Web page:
Review: This is a Robbery: The World’s Biggest Art Heist, directed by Colin Barnicle.
After dreaming for many years of visiting Boston’s Isabella Stewart Gardner Museum, I was surprised by its dour presence when I finally arrived on its doorstep. The original building presented a rather austere face to the world, its stolid facade dwarfing an unobtrusive entrance. However, once inside, my every longed-for fantasy was realised.
The internal courtyard glowed with light sucked down from the glass ceiling. Palms and exotic ferns flourished in this hothouse environment. Visitors stood in awe — it looked like a Venetian palace, rooted like a tropical orchid in a frost-bitten landscape. In every room, masterpieces softly glowed within their gilt frames; antique furniture filled each nook, vases and objects d’art on every surface. It was magical.
Then, on entering the Dutch gallery, the mood changed again. Hanging on the walls were empty frames, their vacant centres an aching tribute to the works that once resided there: Rembrandt’s Storm on the Sea of Galilee from 1633 and Vermeer’s The Concert painted soon after. Although still well-resourced with great works of art, the 1990 heist of 13 artworks had left a gaping hole in the Gardner’s collection.
Still unrecovered after 30 years, the $US200 million heist (at 1990 estimates, then equal to $A258 million) remains one of the most notorious art crimes of the century. Netflix’s four-part mini-series This is a Robbery digs deep into the myth and conjecture that surrounds this case. In the process, it provides insights into the criminal mind and dark machinations within the art world.
Memories and mistakes
This is a rollicking good story, and director Colin Barnicle dives right in with fast editing and flashback clips that introduce us to the first of a huge cast of characters. We meet the museum director Anne Hawley, only six months into the role when the robbery occurred. We hear from the guards and police officers involved and local reporters who covered the news.
There are clues this might have been an inside job: the thieves spent 81 minutes in the gallery cutting paintings from their frames, unframing a tiny Rembrandt etching and unscrewing a finial from a Napoleonic banner.
The careful exposition of the details of the crime in contrast to the rough handling of the artworks makes for engrossing television.
“It was incomprehensible to me that even if they were wanting to steal art that you would treat it that way,” explains Hawley. Footage pans again and again over the detritus of the thieves’ actions strewn across the gallery floor.
As the series progresses, we hear from security consultant Steve Keller about the museum’s poor protocols plus earlier botched robberies and attempts to vandalise the building.
The museum’s vulnerability was well known. Its poor state of repair also put the valuable artworks held within its walls at risk and the extent to which the place was woefully ill-prepared for the St Patrick’s Day break-in is laid bare in the documentary.
On top of these security lapses, we meet an entertaining cast of crooks and hoodlums. Like the outrageous Myles Connor Jnr, who once walked out of the nearby Boston Museum of Fine Arts with a Rembrandt under his arm.
Then there are the colourful members of the Italian and Irish Mafias, stirring spaghetti sauce and wearing wires. Woven into the latter narrative is an exploration of the mechanics of large-scale art burglaries, used as collateral to underwrite drug sales and fund arms purchases for the IRA.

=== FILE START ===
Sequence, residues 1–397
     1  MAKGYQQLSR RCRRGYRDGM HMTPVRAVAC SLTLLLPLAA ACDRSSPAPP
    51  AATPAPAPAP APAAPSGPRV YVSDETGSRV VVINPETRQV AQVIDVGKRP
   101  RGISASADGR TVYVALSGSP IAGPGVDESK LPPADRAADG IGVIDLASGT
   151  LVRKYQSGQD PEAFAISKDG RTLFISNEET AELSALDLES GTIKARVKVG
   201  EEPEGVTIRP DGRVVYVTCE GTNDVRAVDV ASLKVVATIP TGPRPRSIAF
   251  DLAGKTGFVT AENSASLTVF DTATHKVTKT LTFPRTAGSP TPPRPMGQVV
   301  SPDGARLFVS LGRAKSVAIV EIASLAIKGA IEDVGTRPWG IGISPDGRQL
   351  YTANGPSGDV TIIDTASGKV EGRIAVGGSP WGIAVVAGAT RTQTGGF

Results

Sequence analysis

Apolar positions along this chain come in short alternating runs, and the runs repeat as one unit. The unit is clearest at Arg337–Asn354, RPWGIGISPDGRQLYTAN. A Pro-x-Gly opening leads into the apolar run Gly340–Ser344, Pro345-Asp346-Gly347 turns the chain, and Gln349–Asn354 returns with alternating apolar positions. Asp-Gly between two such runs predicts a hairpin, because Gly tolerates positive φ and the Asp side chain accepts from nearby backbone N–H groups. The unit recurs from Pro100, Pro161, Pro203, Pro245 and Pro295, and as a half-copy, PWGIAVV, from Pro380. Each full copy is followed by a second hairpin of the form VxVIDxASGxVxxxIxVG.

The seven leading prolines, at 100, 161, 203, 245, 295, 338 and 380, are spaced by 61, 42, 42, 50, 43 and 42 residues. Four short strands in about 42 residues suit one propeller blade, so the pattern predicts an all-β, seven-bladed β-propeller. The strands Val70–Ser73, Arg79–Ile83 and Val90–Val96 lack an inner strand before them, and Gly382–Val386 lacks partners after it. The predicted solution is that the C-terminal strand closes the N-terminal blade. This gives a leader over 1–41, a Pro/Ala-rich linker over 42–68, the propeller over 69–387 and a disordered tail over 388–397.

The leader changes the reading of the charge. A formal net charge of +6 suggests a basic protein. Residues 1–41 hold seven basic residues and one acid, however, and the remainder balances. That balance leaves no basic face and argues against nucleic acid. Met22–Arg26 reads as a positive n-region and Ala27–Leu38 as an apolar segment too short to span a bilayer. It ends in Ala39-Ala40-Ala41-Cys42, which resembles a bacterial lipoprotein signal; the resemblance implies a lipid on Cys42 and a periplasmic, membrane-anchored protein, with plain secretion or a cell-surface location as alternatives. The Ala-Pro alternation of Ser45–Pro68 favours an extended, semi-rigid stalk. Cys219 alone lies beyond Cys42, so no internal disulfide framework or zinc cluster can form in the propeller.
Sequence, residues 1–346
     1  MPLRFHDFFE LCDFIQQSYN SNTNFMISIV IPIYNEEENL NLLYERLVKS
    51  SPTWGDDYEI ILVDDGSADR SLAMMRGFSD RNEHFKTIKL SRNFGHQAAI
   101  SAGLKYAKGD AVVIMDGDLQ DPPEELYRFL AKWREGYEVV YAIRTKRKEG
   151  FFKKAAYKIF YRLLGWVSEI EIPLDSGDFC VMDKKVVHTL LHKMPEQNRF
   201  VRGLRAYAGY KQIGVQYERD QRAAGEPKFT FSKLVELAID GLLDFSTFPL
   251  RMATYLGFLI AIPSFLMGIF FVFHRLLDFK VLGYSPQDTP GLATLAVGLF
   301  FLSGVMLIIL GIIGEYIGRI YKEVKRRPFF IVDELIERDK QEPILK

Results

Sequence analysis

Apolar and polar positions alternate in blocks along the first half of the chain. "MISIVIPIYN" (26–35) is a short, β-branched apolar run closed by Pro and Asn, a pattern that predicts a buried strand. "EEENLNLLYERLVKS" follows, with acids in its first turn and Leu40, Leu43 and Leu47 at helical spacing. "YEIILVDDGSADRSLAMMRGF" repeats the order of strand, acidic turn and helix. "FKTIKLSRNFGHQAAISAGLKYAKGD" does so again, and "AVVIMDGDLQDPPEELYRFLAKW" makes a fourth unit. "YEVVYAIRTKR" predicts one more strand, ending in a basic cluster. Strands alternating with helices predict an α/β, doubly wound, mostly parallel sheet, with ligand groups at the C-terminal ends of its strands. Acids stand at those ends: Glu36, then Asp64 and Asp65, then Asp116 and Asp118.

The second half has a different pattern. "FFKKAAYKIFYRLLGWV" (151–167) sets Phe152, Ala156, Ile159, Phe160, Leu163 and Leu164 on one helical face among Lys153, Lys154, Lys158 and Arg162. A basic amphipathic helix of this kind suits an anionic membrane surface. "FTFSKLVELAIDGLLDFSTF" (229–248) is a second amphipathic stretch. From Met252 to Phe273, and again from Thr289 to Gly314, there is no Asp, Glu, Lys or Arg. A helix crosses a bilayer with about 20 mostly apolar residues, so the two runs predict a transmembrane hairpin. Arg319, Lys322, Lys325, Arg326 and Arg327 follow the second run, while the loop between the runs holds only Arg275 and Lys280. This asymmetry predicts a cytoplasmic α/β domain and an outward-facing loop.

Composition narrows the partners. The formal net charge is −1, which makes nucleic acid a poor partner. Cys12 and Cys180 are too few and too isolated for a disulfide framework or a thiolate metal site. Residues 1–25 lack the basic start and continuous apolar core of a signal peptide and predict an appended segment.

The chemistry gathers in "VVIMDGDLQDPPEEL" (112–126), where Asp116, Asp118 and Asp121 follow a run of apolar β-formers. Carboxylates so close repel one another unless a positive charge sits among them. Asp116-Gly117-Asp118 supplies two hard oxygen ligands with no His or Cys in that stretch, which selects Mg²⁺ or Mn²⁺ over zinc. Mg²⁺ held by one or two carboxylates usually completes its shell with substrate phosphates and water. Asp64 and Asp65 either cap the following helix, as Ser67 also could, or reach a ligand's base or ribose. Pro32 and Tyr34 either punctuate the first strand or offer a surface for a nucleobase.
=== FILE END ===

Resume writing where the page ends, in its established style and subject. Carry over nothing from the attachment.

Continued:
This roll call of crooks and dangerous criminals continues to expand and branch off over the four episodes until we begin to lose sight of the lost Rembrandts, Vermeers, Manets, and works by Degas.
Barnicle enthralls us with the daring escapades of central casting type crims including Louis Royce from the Rossetti Gang, Bobby Donati, Bobby Guarente, David Turner, Anthony Romano, Carmelo Merlino, and Robert Gentile.
Indeed, as the plot thickens, the theft of the paintings and their ultimate fate sneaks off stage right. The viewer may feel like they are watching an episode of The Sopranos, interspersed with announcements by the Gardner Museum that it is offering a reward of first $1 million, then $2 million, then $5 million and finally $10 million for the return of priceless artworks.
In a sense, the series functions as a big-budget appeal for information from the public — a kind of art theft episode of Crimestoppers.
No happy ending … yet
Finally, as we near the end of our three-and-a half-hour odyssey into this mystery, the focus shifts back to the Gardner Museum and the deep sense of loss that still beguiles the main protagonists.
Each has a suggestion of where the 13 artworks might be and who took them.
“When Robert Gentile dies, something will shake loose … someone will come forward,” a reporter says he’s been told.
The works might be in Dublin, Australia, Saudi Arabia or France, others speculate. But as Robert Fisher, former Assistant US Attorney, intones as the camera pans up to the empty frame that previously held Rembrandt’s Storm on the Sea of Galilee: “Until you have the paintings, it’s all still just a theory.”
Although it meanders through true crime anecdotes at times, this is a great tale well told and definitely worth the investment.
This is a Robbery: The World’s Biggest Art Heist is streaming on Netflix.
Ted Snell is an Honorary Professor in the School of Arts & Humanities at Edith Cowan University. He is a former chair of the Visual Arts Board of the Australia Council, Artbank, the Asialink Visual Arts Advisory Committee and University Art Museums Australia, and as a board member of the National Association for the Visual Arts. He is currently chair of Regional Arts WA, and on the board of ANAT and the Fremantle Biennale. This article is republished from The Conversation under a Creative Commons licence. Read the original article.